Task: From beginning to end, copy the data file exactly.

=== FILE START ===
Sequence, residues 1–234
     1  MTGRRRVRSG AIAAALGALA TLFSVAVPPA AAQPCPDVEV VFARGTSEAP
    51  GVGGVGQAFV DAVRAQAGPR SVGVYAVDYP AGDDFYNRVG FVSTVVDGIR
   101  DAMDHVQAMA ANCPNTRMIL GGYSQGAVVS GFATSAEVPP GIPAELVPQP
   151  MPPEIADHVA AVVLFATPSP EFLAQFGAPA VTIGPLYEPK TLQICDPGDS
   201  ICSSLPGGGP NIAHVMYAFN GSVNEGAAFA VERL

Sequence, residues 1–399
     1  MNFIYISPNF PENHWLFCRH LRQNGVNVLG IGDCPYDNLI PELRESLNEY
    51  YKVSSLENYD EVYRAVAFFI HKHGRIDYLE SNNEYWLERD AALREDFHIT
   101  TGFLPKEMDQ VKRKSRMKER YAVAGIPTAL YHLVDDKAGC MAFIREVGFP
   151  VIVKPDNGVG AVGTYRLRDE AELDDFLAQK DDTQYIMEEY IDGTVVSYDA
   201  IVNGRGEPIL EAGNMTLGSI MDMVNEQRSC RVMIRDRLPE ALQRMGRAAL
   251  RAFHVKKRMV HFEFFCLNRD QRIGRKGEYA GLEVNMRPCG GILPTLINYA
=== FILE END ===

Sequence, residues 1–234
     1  MTGRRRVRSG AIAAALGALA TLFSVAVPPA AAQPCPDVEV VFARGTSEAP
    51  GVGGVGQAFV DAVRAQAGPR SVGVYAVDYP AGDDFYNRVG FVSTVVDGIR
   101  DAMDHVQAMA ANCPNTRMIL GGYSQGAVVS GFATSAEVPP GIPAELVPQP
   151  MPPEIADHVA AVVLFATPSP EFLAQFGAPA VTIGPLYEPK TLQICDPGDS
   201  ICSSLPGGGP NIAHVMYAFN GSVNEGAAFA VERL

Sequence, residues 1–399
     1  MNFIYISPNF PENHWLFCRH LRQNGVNVLG IGDCPYDNLI PELRESLNEY
    51  YKVSSLENYD EVYRAVAFFI HKHGRIDYLE SNNEYWLERD AALREDFHIT
   101  TGFLPKEMDQ VKRKSRMKER YAVAGIPTAL YHLVDDKAGC MAFIREVGFP
   151  VIVKPDNGVG AVGTYRLRDE AELDDFLAQK DDTQYIMEEY IDGTVVSYDA
   201  IVNGRGEPIL EAGNMTLGSI MDMVNEQRSC RVMIRDRLPE ALQRMGRAAL
   251  RAFHVKKRMV HFEFFCLNRD QRIGRKGEYA GLEVNMRPCG GILPTLINYA